There are several bits of J. Press news to report. First off, a reporter — or what was once called, possibly ironically, a gentleman of the press — for the New York Times visited Squeeze’s new New York store. For those who think “The Gray Lady” is an old hag, there’s plenty to quibble about, including the term “preppy drag” in the headline. There’s also the self-indulgent tone of the piece, though that is likely by design (it’s part of a regular column called The Critical Shopper). Of course the most odious is the use of the word “aesthetic” in place of, say, the more direct monosyllable “look.” Allow me to explain why I find the term so bloviatingly pretentious. There’s something about it that causes compulsive usage in certain people, like a kind of Tourette’s Syndrome in which profanities are not spewed out, but faux genteelisms. I once had a colleague – then a graphic designer in her twenties — who used the term regularly in her speech, by which I mean not just daily, but every third sentence.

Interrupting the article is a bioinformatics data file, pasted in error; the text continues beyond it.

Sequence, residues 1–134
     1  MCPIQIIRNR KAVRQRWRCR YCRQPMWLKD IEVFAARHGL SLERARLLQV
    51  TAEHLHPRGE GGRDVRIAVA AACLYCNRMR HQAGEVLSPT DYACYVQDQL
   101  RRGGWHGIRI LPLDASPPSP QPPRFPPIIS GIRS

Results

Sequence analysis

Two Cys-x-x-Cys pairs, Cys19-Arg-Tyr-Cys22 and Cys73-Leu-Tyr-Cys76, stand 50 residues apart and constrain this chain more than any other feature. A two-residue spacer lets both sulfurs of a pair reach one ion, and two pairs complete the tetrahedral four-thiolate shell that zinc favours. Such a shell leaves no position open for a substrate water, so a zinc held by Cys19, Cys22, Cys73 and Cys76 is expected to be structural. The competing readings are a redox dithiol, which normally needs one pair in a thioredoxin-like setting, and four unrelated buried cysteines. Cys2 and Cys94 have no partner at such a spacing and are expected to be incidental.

Then there’s the line that several layers of editors allowed to pass: “Old money, which is to say the generation that considered the East 50s posh.”
But according to store associates, the story brought in quite a bit of traffic, which is a very good thing indeed.
And speaking of store associates, on Friday I had a long chat with Tom Davis. Many of you will recognize the octogenarian — or at least his name — as the genial gentleman who worked at Brooks Brothers’ flagship for just 12 months shy of 50 years, where he ran the made-to-measure shirt program. He’s in the same role at J. Press part-time, and expect the long-overdue interview with the legend to appear here soon.